Key Take-Away: “…you are SELECTing from the CTE while still defining the CTE!!

T-SQL Tuesday #77: Recursive Common Table Expression (CTE)

Andy Mallon (b|t)

Andy’s blog post is a challenge to the topic. A challenge which I think is utterly justified. Andy advocates to take a step back. Look at the bigger picture. Take a moment of thought, before you start hammering away with your new found hammer.
Key Take-Away: “…configuring a multi-subnet WSFC, with an AG that spans two FCIs, then take backups from the readable secondary to use for cross-domain log shipping to a third data center.” (who doesn’t eat that for Breakfast?)

T-SQL Tuesday #77 – My Favorite SQL Server Feature

Andy Yun (b|l|t)

Andy offers up Dynamic Management View/Dynamic Management Functions (DMV/DMF) as his favorite SQL Server feature. The blog post is a quick introduction to DMV’s/DMF’s and makes a great starting point for anyone who haven’t yet been using those. Andy also shows a couple of pointers, to what DMV’s/DMF’s has to offer. The information is practically endless…
Key Take-Away: “…DMVs/DMFs are the gateway into SQL Server!

T-SQL Tuesday #77: My Favorite SQL Server Feature

Jason Brimhall (b|l|t)

Jason has written an awesome post about the almost unmentionable feature. In the end however, he caves in and spills the whole deal. Unintentionally, I think, there are several take-away’s from Jason’s blog post – both the feature (which I will not dare utter), but also Synonyms – If nothing else, Jason demonstrates and example to follow, in the sense that the customer gets a perfectly working solution at minimum cost (even though an upgrade would have been way more cool to work with etc…)
Key Take-Away: “Using a synonym, I can extend this database beyond the 10GB limitation…”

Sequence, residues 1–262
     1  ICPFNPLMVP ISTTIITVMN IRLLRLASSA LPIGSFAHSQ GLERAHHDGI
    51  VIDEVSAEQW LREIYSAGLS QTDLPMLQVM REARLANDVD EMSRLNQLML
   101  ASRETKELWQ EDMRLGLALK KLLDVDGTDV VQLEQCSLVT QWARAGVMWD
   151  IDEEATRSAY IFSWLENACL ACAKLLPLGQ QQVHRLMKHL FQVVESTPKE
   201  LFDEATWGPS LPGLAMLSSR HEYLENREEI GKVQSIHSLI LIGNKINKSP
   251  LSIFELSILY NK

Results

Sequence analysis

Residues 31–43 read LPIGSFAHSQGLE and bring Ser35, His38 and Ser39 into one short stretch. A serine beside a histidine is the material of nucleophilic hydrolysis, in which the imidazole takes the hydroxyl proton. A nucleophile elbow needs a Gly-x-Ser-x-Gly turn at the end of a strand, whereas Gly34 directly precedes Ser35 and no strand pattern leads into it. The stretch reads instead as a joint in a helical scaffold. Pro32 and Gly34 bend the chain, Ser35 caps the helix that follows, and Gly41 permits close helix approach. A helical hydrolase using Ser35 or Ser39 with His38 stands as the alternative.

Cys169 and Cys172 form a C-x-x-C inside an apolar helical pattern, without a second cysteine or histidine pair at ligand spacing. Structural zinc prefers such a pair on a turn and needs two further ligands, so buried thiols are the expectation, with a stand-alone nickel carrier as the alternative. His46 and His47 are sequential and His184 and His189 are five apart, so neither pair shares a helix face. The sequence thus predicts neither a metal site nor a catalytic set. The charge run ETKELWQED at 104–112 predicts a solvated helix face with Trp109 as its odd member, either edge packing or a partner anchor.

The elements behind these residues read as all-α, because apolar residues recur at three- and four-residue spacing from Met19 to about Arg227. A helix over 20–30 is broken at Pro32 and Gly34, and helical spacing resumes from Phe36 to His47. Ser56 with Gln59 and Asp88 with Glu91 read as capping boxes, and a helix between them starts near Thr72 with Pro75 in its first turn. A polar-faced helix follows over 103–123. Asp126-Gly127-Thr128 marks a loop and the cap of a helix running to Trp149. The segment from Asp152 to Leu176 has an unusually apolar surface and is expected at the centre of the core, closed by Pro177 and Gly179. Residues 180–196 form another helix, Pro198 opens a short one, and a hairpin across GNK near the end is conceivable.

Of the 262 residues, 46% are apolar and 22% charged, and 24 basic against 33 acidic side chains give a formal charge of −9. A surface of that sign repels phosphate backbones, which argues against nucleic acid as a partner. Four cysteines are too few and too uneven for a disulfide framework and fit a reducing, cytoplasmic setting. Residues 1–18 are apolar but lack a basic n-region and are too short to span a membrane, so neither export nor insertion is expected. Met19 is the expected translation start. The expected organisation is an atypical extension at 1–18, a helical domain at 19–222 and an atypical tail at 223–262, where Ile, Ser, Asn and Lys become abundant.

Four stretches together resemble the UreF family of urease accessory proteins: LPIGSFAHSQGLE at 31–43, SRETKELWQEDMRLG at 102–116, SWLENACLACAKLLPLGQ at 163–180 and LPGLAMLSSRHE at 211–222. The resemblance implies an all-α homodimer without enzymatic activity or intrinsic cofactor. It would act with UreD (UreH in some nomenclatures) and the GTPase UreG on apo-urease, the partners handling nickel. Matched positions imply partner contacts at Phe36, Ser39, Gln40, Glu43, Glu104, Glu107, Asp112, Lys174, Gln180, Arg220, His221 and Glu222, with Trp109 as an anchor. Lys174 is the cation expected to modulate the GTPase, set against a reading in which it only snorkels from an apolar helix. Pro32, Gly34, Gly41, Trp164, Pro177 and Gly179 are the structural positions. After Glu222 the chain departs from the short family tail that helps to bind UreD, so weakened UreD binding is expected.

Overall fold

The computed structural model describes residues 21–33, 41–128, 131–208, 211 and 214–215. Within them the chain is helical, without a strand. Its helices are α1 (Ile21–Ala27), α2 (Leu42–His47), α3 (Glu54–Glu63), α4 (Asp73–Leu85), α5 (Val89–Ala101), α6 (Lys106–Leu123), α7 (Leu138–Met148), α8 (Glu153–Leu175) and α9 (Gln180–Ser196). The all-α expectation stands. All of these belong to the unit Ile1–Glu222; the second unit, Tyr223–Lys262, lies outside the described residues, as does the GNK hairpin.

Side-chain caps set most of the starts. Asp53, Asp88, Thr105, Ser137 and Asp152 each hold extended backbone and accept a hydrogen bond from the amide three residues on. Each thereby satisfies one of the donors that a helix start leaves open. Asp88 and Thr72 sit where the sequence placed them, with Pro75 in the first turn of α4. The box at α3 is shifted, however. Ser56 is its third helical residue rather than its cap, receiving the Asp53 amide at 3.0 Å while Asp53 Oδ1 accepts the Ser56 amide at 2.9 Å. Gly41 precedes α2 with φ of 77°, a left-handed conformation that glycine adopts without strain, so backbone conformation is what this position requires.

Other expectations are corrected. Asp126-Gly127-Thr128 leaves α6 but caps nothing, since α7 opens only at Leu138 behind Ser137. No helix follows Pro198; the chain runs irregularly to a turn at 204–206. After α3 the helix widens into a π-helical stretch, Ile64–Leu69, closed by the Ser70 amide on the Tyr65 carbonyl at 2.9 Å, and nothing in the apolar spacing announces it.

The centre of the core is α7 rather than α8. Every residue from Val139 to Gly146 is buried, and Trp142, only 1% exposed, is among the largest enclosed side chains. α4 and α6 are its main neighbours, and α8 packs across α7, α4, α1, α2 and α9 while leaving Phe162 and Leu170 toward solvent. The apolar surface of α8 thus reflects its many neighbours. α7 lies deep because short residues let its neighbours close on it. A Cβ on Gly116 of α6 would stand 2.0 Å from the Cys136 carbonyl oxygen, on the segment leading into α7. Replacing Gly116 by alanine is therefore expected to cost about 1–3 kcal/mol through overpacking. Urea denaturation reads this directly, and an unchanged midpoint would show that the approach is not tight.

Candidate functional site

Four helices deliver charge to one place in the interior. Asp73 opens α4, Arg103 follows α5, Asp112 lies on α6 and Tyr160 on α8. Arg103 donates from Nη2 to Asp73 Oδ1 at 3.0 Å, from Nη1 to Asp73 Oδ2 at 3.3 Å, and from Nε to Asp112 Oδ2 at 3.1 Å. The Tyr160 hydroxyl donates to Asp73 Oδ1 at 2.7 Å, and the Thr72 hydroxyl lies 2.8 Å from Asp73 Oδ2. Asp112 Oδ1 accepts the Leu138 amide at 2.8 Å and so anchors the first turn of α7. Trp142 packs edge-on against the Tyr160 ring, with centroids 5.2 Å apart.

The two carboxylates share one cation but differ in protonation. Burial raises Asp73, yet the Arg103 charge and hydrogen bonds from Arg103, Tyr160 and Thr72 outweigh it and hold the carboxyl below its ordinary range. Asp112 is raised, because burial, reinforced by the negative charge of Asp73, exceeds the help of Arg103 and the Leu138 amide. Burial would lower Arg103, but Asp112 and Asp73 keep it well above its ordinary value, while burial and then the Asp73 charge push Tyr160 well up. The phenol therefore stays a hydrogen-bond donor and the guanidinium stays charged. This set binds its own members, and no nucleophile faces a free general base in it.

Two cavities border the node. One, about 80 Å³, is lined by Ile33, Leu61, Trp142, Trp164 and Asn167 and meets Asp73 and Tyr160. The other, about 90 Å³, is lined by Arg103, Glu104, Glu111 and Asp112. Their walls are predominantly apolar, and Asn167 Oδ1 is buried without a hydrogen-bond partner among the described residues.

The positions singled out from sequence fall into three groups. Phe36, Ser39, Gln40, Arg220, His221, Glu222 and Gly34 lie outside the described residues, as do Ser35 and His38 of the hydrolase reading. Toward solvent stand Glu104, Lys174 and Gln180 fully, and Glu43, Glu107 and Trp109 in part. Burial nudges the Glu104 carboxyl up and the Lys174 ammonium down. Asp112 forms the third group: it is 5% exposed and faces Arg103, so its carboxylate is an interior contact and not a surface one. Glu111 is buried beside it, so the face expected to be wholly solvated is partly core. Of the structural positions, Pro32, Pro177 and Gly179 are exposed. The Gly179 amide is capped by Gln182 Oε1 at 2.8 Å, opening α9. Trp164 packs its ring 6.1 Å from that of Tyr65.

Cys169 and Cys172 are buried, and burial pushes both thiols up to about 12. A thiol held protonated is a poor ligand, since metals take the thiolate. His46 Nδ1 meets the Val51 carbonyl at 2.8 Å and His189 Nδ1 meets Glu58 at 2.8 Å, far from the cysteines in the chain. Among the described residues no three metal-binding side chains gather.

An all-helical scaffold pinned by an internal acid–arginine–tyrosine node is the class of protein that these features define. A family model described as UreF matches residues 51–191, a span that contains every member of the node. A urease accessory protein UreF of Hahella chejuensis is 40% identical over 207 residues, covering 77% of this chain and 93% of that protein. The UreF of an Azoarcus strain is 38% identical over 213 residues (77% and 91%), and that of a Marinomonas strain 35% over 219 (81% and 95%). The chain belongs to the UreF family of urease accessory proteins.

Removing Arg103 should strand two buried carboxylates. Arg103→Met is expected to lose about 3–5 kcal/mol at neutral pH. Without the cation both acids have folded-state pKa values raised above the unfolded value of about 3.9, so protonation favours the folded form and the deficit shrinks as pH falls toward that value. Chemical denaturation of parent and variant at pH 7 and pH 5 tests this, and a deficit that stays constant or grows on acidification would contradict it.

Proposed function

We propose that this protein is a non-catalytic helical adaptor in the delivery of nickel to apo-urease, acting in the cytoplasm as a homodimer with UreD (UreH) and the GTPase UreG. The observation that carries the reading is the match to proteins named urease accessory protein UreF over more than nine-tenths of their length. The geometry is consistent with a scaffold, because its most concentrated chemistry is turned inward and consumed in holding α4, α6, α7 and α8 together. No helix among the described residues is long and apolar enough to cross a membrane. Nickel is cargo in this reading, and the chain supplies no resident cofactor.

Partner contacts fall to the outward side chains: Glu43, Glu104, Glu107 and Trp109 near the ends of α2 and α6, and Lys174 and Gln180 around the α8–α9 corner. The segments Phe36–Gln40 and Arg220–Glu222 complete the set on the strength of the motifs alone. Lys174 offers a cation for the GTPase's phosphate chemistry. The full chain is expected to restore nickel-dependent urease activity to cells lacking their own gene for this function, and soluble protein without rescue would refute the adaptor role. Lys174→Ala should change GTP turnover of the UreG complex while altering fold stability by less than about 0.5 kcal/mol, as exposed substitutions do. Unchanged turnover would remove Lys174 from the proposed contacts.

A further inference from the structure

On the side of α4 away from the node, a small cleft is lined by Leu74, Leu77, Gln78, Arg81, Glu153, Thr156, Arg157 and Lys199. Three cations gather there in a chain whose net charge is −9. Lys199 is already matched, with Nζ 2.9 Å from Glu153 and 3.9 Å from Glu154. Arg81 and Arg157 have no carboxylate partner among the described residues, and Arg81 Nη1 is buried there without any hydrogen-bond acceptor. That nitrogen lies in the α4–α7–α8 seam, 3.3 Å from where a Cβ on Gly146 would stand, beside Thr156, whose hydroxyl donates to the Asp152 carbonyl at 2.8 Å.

Awesome SQL Server Feature

Kennie Nybo Pontoppidan (b|l|t)

Kennie offers another shot at CTE’s; This one also recursive.
Key Take-Away: “…we continually join the data set to the result set as it exists for each “loop”

T-SQL Tuesday #76 – Parsing code hierachies with CTEs

Edwin M Sarmiento (b|l|t)

Via a Dell Laptop, Edwin steers us through a good number of uses of SQL Server Logging. To anyone who thinks logging is just logging, have a look at the uses in Edwin blog post.
Key Take-Away:”How To Forecast Database Disk Capacity If You Don’t Have A Monitoring Tool

TSQL Tuesday #77 – Favorite SQL Server Feature: Logging

John Sterret (b|l|t)

John talks about Transactional Replication for Azure SQL Databases and offers three main reasons why this is an ûber cool feature. I have to agree, that this is a really cool feature and John does a good job explaining why. Looking forward to the follow-up post containing the How To.
Key Take-Away: “The reporting subscriber database can be scaled up or down as needed based on your needs…

Replication for Azure Databases – #TSQL2SDAY #77

Derik Hammer (b|t)

With the End of Support for SQL Server 2005, Derik finds it appropriate to pay his respects by picking Database Mirroring as his favorite feature. The feature will be replaced by Basic Availability Groups in SQL Server 2016.
Key Take-Away: “…mirroring fails over even faster than Availability Groups.

Favorite SQL Server Feature – #TSQL2SDAY #77

Kenneth Fisher (b|l|t)

In this post Kenneth walks us through the different applications of Delayed Durability in SQL Server. Advice on Simple and Full Recovery Mode as well as HA scenarios are covered. Delayed Durability is a new feature to SQL Server 2014 and applies to Azure SQL Database as well as the upcoming SQL Server 2016 release.
Key Take-Aways: “The fact that this should be utilized for massive Data Warehouse loads, where durability is not of concern.”

The Risk of Delayed Durability

I was really impressed by the hard work put into this round of #TSQL2SDAY, so thank you, to all the contributors. Great job all!